When citizens think about law's ways of knowing and about how legal officials gather information, assess factual claims, and judge people and situations, they are often confused by the seemingly arcane and constrained quality of the information-gathering, fact-evaluating procedures that legal officials employ or impose. Yet law's ways of knowing as varied as are the institutions and officials who populate any legal system. From the rules of evidence to the technologies of risk management, from the practices of racial profiling to the development of trade knowledge, from the generation of independent knowledge practices to law's dependence on outside expertise, even a brief survey shows that law knows in many different ways, that its knowledge practices are contingent and responsive to context, and that they change over time.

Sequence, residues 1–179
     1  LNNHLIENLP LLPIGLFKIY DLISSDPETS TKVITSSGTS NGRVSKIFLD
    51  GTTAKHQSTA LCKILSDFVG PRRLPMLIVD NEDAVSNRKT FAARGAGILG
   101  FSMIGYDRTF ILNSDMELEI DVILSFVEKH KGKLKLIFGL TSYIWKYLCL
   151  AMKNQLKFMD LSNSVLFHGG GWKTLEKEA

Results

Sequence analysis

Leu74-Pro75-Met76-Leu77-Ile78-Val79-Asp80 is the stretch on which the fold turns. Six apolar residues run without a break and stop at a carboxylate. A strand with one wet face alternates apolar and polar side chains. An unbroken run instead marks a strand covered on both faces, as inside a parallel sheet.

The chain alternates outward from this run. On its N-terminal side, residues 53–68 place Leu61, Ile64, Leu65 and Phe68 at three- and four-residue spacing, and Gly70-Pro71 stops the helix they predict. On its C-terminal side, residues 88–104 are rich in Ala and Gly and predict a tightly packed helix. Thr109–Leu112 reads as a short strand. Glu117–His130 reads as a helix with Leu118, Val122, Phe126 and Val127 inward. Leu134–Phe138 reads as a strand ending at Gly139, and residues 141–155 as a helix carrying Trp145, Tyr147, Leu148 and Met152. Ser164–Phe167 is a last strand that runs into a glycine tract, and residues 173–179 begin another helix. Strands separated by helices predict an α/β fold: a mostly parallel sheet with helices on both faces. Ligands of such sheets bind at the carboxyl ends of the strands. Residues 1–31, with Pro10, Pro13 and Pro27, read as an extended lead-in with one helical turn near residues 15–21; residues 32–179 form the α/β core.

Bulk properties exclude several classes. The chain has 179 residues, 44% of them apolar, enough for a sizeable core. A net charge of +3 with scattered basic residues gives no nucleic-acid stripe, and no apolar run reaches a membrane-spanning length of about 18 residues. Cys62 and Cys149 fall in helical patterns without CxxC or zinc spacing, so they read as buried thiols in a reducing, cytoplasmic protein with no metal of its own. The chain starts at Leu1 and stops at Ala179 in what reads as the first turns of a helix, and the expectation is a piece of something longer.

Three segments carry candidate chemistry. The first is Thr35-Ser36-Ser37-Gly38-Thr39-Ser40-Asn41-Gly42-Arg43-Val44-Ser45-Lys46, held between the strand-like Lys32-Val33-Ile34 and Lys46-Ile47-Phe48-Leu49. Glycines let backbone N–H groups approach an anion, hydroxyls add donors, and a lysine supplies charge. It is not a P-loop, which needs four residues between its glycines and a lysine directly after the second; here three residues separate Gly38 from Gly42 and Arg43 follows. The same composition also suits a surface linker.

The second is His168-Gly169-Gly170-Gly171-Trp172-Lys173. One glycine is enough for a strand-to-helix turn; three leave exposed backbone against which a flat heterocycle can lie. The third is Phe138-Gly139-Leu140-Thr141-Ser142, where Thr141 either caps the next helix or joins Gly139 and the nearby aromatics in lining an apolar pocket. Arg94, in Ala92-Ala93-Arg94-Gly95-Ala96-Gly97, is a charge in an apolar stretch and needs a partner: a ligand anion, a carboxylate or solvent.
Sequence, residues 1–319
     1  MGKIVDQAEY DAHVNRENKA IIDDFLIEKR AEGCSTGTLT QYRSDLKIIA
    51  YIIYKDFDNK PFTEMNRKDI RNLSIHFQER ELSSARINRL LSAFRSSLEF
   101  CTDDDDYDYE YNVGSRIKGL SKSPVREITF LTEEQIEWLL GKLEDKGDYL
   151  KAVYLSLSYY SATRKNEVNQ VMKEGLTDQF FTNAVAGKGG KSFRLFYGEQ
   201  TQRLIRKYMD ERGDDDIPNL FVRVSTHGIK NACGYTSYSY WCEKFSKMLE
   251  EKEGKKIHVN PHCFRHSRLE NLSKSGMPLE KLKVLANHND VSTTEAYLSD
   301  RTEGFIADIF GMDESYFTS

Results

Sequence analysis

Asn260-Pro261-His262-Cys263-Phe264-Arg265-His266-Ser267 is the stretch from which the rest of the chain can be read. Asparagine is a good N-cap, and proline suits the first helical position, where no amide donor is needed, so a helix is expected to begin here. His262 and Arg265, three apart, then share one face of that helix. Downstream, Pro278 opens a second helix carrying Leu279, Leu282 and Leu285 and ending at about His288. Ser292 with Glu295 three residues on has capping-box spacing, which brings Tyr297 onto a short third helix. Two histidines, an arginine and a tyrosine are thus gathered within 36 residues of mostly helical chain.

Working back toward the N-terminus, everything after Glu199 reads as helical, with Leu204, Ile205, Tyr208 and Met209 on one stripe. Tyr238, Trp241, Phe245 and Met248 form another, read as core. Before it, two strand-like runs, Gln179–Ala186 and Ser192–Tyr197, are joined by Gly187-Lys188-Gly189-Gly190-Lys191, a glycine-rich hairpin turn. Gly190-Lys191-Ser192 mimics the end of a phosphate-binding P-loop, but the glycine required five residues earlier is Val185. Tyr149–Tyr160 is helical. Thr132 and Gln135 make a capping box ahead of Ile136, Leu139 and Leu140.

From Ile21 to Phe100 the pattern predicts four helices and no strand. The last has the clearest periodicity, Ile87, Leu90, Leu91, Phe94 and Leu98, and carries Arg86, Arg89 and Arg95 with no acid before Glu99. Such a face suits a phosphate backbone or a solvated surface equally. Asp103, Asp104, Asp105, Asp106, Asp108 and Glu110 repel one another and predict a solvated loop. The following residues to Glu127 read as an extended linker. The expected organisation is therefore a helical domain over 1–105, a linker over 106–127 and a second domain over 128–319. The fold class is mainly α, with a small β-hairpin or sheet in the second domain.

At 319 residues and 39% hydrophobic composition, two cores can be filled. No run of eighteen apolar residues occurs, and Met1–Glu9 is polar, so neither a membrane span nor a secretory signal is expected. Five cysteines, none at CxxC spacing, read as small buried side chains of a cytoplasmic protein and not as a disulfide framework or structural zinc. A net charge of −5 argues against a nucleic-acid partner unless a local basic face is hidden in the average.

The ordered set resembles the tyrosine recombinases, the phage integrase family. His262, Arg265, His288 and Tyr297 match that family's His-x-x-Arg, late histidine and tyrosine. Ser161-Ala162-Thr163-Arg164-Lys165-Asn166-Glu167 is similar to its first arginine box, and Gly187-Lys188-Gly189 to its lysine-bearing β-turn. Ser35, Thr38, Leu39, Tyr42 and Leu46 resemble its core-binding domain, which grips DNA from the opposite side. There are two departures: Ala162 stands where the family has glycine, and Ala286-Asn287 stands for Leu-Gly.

"How Law Knows is a useful and interesting collection addressing law's ways of knowing. The authors reveal that the establishment and organized use of legal facts is varied, historical, and amenable to a rich and diverse set of methods of inquiry."
Jon Goldberg-Hiller, University of Hawaii
"This work raises new questions while also reexamining standard socio-legal issues in refreshing ways. The result is a rich and innovative look at the routines of truth seeking and fact finding."